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Trial, condemnation and execution of Clarence

The Trial and Execution of George duke of Clarence, from the Croyland Chronicle. The circumstances surrounding the allegations against the king’s brother and his trial, condemnation and execution are explored in this post: Was George, Duke of Clarence guilty?

Other relevant pages: Edward IV, Flight of Clarence and Warwick, Clarence becomes disillusioned, Battle of Empingham/ Losecote Field, Contemporary view on the readeption, Clarence, Gloucester and the marriage to Anne, Attainder of George Duke of Clarence, Trial and execution of George duke of Clarence.

 

Trial, condemnation and execution of Clarence

 

The indignation of the duke was probably still further increased by this ; and now each began to look upon the other with no very fraternal eyes. You might then have seen, (as such men are generally to be found in tiie courts of all princes), flatterers running to and fro, from the one side to the other, and carrying backwards and forwards the words which had fallen from the two brothers, even if they had happened to be spoken in the most secret closet. The arrest of the duke for the purpose of compelling him to answer the charges brought against him, happened under the following circumstances. One Master John Stacy, a person who was called an astronomer, when in reality he was rather a great sorcerer, formed a plot in conjunction with one Burdet, an esquire, and one of the said duke’s household; upon which, he was accused, among numerous other charges, of having made leaden images and other things to procure thereby the death of Bichard, lord Beauchamp, at the request of his adulterous wife. Upon being question in a yeiy severe examination as to his practice of damnable arts of this nature, he made confession of many matters, which told both against himself and the said Thomas Burdet. The consequence was, that Thomas was arrested as well; and at last judgment of death was pronounced upon them both, at Westminster, from the Bench of our lord the king, the judges being there seated, together with nearly all the lords temporal of the¬†kingdom. Being drains to the gallows at Tyburn, they were permitted briefly to say what they thought fit before being put to death; upon which, they protested their innocence, Stacy indeed but faintly ; while, on the other hand, Burdet spoke at great length, and with much spirit, and, as his last words, exclaimed witii Susanna, “Behold! I must die; whereas I never did such things as these.”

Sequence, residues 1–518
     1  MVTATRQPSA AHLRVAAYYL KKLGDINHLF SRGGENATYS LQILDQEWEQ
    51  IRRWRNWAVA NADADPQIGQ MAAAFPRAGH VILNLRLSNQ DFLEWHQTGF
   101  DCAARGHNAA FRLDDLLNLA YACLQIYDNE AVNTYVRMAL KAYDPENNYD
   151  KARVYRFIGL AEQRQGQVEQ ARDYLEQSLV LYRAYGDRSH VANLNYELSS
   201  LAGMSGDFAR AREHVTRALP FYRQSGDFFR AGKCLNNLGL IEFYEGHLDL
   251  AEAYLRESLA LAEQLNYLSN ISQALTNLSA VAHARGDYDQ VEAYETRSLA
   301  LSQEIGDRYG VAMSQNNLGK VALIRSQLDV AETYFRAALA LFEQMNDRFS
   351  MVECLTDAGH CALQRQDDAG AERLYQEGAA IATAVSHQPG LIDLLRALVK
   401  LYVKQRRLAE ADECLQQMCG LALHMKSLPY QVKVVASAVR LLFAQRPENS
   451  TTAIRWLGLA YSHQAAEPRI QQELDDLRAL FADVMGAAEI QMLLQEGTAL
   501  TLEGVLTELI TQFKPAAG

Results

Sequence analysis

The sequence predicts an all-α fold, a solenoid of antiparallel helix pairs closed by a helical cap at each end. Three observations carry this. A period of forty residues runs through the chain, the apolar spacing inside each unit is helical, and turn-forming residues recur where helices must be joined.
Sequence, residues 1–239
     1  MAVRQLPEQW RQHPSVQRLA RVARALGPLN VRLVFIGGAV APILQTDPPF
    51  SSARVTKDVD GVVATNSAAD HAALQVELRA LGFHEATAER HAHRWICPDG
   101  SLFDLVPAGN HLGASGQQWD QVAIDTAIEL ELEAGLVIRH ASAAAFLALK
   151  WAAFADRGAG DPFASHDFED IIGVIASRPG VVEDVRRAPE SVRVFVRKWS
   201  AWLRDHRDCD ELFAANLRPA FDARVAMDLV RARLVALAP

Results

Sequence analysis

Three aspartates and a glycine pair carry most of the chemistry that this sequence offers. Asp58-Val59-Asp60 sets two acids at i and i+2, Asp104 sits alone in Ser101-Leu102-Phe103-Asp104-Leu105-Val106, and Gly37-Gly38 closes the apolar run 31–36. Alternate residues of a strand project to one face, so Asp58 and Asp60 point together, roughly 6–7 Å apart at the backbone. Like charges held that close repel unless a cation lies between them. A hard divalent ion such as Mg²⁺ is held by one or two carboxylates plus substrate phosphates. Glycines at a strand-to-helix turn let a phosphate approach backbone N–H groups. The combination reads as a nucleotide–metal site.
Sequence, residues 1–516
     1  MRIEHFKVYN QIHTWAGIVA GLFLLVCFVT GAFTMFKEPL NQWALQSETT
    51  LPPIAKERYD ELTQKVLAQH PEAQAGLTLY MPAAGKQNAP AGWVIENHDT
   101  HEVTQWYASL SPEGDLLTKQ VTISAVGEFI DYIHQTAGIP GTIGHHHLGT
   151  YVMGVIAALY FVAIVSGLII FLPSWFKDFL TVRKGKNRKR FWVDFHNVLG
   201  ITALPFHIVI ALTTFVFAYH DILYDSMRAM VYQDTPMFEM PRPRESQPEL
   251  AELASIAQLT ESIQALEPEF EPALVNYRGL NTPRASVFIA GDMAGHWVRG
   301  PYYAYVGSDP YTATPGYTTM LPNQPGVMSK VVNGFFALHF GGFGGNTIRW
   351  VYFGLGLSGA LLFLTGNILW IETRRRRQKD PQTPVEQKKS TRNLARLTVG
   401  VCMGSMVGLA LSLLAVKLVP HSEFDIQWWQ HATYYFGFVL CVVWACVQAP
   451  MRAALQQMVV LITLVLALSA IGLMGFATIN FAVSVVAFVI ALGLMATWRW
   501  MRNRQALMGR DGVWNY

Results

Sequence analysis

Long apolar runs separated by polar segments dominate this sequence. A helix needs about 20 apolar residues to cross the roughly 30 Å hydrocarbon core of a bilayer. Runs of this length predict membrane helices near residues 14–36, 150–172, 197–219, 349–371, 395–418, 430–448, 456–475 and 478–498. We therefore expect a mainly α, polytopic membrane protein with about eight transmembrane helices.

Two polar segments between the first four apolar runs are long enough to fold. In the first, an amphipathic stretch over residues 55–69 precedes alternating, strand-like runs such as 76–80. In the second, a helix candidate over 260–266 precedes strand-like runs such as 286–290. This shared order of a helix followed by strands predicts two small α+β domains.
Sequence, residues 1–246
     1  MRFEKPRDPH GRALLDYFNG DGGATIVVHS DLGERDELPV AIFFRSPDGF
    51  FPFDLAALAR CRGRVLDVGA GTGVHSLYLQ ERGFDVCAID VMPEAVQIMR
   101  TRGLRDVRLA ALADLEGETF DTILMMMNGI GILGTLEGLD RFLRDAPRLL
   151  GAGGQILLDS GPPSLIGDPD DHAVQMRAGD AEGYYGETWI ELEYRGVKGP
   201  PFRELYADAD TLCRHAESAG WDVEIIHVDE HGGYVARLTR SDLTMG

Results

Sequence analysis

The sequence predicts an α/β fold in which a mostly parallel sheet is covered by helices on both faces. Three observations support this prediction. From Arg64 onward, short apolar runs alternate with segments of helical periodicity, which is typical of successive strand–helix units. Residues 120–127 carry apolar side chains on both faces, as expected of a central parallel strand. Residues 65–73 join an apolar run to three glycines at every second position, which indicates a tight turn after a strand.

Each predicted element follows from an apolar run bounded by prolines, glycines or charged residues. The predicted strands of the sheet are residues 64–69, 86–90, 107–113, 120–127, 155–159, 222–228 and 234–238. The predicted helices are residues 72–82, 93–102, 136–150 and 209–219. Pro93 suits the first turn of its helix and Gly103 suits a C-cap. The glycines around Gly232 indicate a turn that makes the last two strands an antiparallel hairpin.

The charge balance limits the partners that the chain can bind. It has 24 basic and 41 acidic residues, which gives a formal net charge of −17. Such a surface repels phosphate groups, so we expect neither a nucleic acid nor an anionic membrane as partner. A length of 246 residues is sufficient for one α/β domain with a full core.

On the following day, the duke of Clarence came to the council-chamber at Westminster, bringing with him a famous Doctor of the order of Minorites, Master William Goddard by name,, in order that he might read the confession and declaration of innocence above-mentioned before the lords in the said council assembled ; which ho accordingly did, and then withdrew. The king was then at Windsor, but when he was informed of this circumstance, he was greatly displeased thereat, and recalling to mind the information formerly laid against his brother, and which he had long kept treasured up in his breast he summoned the duke to appeal on a certain day in the royal palace of Westminster : upon which, in presence of the Mayor and aldermen of the city of London, the king began, with his own lips, amongst other matters, to inveigh against the conduct of the before-named duke, as being derogatory to the laws of the realm, and most dangerous to judges and jurors throughout the kingdom. But why enlarge? The duke was placed in custody, and from that day up to the time of his death never was known to have regained his liberty.